“I think that your son might have discovered something that Jorge Yamashita was hiding.”

“Then he might be dead,” Alex declared. The room became eerily silent.

Sayuri couldn’t believe that. She would sense in her stomach if her husband wasn’t alive. “Or perhaps he was taken for ransom,” she said hopefully.

“Could be. Someone should be calling you then.”

Juanita then verbally went through the police investigation. “The police have put an APB on Jorge’s truck, so at least we have that.”

“Where could they have gone?” Alex almost sounded like she was moaning.

“Well, kidnappers usually go to where they feel comfortable.”

“Jorge’s never been in California or even the United States before,” said Zip.

“Or so he said,” Bob added.

“How about the old man?” asked Juanita.

“Jorge never mentioned anything about his personal life. I didn’t even know that he had a son,” Bob said.

Juanita glanced over to one of the computers in the trailer. “Do you mind if I use the Internet?”

“Of course not.” Bob sat at a desk and turned a computer on. “Full DSL capacity.” Bob moved to let Juanita sit behind the computer. Sayuri and the rest looked over the private investigator’s shoulder. She seemed adept at her job, and started to type in Spanish-language search engines.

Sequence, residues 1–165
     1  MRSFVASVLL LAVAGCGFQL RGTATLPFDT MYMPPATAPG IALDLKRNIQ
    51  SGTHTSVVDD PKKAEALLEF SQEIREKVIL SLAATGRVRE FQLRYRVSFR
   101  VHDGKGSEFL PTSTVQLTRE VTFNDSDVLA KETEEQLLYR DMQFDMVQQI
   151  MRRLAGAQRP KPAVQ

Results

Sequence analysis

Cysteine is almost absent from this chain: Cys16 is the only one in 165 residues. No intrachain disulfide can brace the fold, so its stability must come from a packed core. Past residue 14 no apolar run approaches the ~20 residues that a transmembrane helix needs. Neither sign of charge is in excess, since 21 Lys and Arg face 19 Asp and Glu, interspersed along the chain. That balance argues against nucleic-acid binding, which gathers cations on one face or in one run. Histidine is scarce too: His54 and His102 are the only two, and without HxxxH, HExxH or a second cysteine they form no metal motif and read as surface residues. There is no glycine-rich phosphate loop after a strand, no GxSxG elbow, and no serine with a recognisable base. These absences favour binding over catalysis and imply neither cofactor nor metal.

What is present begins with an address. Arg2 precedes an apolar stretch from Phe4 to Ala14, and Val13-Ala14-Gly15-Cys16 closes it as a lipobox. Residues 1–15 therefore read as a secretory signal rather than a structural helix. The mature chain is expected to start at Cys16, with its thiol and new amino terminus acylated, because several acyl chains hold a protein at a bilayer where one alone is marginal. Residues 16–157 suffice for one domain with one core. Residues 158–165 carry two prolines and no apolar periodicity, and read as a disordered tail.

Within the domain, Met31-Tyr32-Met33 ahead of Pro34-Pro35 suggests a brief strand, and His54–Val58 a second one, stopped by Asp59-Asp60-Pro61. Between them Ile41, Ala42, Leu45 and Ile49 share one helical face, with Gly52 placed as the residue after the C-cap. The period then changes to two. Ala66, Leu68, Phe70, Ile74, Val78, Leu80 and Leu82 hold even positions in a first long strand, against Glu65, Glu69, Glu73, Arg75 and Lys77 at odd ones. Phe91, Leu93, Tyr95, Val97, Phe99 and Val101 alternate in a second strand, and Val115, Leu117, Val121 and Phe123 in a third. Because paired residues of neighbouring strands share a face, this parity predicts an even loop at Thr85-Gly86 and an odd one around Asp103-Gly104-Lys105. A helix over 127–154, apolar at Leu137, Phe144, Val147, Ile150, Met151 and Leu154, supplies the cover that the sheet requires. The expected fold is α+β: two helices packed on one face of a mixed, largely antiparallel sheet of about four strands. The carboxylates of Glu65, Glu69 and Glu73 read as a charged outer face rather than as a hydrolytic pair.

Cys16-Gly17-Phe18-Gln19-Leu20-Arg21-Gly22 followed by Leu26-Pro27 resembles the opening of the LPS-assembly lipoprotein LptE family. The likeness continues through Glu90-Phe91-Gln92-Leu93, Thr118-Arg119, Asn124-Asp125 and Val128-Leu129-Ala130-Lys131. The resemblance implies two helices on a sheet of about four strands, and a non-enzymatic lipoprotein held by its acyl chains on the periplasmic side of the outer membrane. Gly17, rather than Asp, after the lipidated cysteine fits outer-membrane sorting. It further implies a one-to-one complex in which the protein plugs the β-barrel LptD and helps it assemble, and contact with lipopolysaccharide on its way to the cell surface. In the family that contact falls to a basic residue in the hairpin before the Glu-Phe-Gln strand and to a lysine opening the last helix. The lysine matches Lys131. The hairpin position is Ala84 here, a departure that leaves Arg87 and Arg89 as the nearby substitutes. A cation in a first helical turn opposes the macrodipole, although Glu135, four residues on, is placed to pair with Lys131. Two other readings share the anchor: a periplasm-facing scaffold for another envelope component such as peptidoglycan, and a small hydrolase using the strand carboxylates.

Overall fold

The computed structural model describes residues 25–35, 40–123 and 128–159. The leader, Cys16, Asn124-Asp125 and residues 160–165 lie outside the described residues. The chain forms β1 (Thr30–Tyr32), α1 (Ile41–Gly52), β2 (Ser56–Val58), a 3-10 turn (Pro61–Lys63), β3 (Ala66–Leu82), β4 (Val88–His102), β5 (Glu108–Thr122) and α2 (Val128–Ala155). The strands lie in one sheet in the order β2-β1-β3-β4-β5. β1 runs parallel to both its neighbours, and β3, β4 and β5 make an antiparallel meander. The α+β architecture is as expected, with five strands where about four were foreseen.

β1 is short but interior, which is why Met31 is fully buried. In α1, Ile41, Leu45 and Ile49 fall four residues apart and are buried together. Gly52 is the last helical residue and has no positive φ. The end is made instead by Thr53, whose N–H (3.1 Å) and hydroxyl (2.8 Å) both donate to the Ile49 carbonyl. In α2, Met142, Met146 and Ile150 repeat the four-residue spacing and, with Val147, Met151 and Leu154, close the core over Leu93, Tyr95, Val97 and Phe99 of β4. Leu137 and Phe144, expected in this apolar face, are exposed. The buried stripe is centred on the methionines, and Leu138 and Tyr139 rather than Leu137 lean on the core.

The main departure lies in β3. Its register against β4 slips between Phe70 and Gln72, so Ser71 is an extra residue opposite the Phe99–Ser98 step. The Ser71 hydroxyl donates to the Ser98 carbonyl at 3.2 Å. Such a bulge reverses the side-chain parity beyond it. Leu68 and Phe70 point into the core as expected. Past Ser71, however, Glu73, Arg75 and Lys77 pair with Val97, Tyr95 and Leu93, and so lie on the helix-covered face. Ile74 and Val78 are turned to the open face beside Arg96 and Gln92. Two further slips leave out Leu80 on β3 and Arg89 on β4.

“Is he from Yguazu?”

Zip nodded. “Yeah, I think that he mentioned that town.”

More clicks on the keyboard and then Juanita was accessing a Spanish-language newspaper’s website.

“What does it say?” Alex pulled out some reading glasses from her purse.

“It’s Jorge’s wife’s obituary. Mentions Jorge, of course, and their son Carlos. There’s another surviving relative. A grandfather.” Juanita’s voice began to shake. “His name is Saburo Shishido.”

Chapter 11 >>

 

* “The Nihongo Papers” is a work of fiction. The characters, incidents, and dialogue are drawn from the author’s imagination and are not to be construed as real. Any resemblance to actual events or persons, living or dead, is entirely coincidental.

© 2008 Naomi Hirahara

fiction mystery naomi hirahara serialized story strawberry the nihongo papers

Sobre esta série

Award-winning author Naomi Hirahara presents a bioterrorism thriller that involves characters that span generations and continents, strawberries, and a mystery that unfolds to reveal dark family secrets.

Read Chapter One